Repetition in music can be a divisive thing. On one hand the riff, by definition, is a relentlessly repeated hook or phrase, forms the bedrock of some of the most celebrated pieces of rock history. From Satisfaction to Dopesmoker, Sunshine Of Your Love to Paranoid, the repetition of a handful of fuzzy notes has elevated the status of more than a few numbers to ‘Classic’. And there are genres where repetition is indulged and saluted more than others – No riff, no doom!
Of course, the other side to this is those who would decry repetition in music as meaning the artist was bereft of inspiration, flogging one idea to death. Or even the response of a late twentieth century government legislating against music comprising ‘sounds wholly or predominantly characterised by the emission of a succession of repetitive beats.’ i.e. Criminal Justice and Public Order Act 1994.
Myself, I like a bit of repetition in my music. There’s something trance inducing about phrases and rhythms being heroically repeated long past the point where non-believers have dropped away. Something tribal, whether it’s rhythmic drumming, looping riffs, vocal lines phasing in and out ad infinitum. Some of the best music is one idea stretched, repeated, hacked, mutilated, built on… you get the idea. And quite contrary to the idea that the artist was bereft of inspiration, it shows the skill of said artist in fully realising the potential of that idea, playing with it, viewing it from all angles. jazz and krautrock have often been good at this. Let’s jump in.
Ghosted is the result of a meeting between Oren Ambarchi, Johan Berthling and Andreas Werliin in November 2018 at Studio Rymden, Stockholm. I remain painfully ignorant of these three men and their oeuvre. As such I approach Ghosted with no preconceptions.
The four pieces on this record demonstrate the group’s nuanced understanding of the creative use of repetition and space in music. The space around and between the instruments used is tangible, each given the room needed to fully actualise its voice, its tone, its timbre. I takes a bass riff and establishes it alongside percussion as the root of everything that is to come, the foundation on which everything else is to be built. Indeed, this is all about a percussiveness that takes front of stage over high-pitched drones. I hear the strains of traditional West African stringed instruments here at times. Eight minutes is just too short for me though – I demand more!
A demi-masterpiece of space, texture, and repetition that rewards repeated listening…
II picks up with an eight-note harmonic-style almost pizzicato riff looped under some drumming that threads a neat and funky path around and through it. One drum, one man, a pattern that seems never and ever repeating. And over the top of it all, a noise, guitar generated(?), that feeds back and stretches sustained, ragged single notes over all the syncopation an individual can handle. Again, there’s so much ‘room’ in this piece that you can hear everything, and by concentrating just a bit, you can draw the line you wish to the fore. Along with I, this piece is an exemplar of the use of texture in music, particularly via percussive playing. I could listen to this for a very long time without feeling the need to skip on to something else.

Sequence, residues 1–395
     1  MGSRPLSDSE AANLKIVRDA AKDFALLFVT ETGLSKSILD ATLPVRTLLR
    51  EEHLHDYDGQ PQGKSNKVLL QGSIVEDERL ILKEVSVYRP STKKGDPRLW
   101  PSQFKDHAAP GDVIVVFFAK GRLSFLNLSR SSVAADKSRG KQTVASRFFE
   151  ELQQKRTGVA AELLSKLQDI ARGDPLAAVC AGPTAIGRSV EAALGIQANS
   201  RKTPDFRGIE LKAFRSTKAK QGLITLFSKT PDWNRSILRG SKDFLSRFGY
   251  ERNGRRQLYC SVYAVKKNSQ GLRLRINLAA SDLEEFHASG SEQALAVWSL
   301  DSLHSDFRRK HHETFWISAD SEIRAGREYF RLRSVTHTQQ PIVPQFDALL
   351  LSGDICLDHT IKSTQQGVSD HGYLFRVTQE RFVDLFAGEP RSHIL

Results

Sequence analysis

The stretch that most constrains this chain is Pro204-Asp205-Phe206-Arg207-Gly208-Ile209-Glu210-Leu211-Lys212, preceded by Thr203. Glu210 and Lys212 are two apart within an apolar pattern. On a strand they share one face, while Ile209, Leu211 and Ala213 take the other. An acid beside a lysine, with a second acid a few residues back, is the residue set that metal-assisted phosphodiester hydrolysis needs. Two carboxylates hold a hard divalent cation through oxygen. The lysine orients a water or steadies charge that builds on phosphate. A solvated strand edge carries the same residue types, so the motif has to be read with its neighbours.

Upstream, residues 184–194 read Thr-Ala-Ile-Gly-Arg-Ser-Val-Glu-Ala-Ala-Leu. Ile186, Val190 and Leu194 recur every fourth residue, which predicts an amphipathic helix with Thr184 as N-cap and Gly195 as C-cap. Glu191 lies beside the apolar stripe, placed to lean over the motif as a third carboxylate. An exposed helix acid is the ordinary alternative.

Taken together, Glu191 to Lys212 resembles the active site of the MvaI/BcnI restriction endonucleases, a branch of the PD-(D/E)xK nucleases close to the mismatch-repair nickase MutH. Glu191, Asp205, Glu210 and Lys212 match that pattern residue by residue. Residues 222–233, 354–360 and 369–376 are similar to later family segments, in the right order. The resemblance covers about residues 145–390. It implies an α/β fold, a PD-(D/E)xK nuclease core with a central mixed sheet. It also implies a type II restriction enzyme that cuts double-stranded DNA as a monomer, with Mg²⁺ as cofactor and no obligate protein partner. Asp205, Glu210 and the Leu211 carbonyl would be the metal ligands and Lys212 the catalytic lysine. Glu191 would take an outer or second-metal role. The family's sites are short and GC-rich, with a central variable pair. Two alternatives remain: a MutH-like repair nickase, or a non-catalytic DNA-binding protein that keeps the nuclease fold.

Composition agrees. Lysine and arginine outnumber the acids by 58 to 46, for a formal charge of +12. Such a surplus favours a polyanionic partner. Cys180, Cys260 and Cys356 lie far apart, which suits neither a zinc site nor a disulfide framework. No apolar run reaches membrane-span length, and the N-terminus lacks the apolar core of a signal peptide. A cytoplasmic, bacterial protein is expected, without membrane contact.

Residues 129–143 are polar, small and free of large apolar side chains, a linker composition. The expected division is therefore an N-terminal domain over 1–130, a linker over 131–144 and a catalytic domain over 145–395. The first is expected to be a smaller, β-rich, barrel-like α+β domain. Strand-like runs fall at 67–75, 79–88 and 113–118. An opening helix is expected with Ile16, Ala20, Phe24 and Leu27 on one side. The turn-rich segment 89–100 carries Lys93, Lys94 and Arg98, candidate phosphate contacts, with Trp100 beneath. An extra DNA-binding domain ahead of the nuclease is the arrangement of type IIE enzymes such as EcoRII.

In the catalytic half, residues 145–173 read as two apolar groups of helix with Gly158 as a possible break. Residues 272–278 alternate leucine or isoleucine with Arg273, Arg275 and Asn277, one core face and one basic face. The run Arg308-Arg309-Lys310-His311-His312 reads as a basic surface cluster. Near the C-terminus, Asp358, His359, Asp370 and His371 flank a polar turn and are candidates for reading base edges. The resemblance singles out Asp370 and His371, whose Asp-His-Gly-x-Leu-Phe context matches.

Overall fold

The third track – called III obvs. – is a near sixteen-minute odyssey beginning with a chiming guitar that is, in short order, usurped by the bass playing the most jazz-orthodox line of the whole album, all underpinned by snare and hi-hat brush work whose texture you can almost feel in your mouth. As with the other pieces here, the intertwining lines seem to alternate in which is the lead. The repetition within is so complete that the smallest deviation draws your attention and gives that instrument momentary prominence.
III makes use of sustained guitar and organ chords and notes, themselves making use of modulatory tweaks to add depth to the sound. These drones bring a different feeling to this track and the next (IV), a different kind of trance-inducing as compared to the rhythmic hypnotics of the first two tracks. IV is a departure from its bedfellows in that it’s shorter (much), has very much a come-down feel about it and features the bass taking an obvious lead line, augmented by stretched strains of organ.
This whole album was a revelation to me. I haven’t come across, sought out, or listened to anything that sounds like this in a long time. I don’t know if it’s jazz, psychedelic, prog, krautrock… It’s outside my sphere whatever it is. There’s no doubt that Messrs Ambarchi, Berthling, and Werliin are brilliant musicians, something that doesn’t always equate to commensurate creativity. Ghosted, however, is different. A demi-masterpiece of space, texture, and repetition that rewards repeated listening. When The Shaman comes calling for my Top Ten of 2022, don’t be surprised if you see this in there.
Scribed by: George Green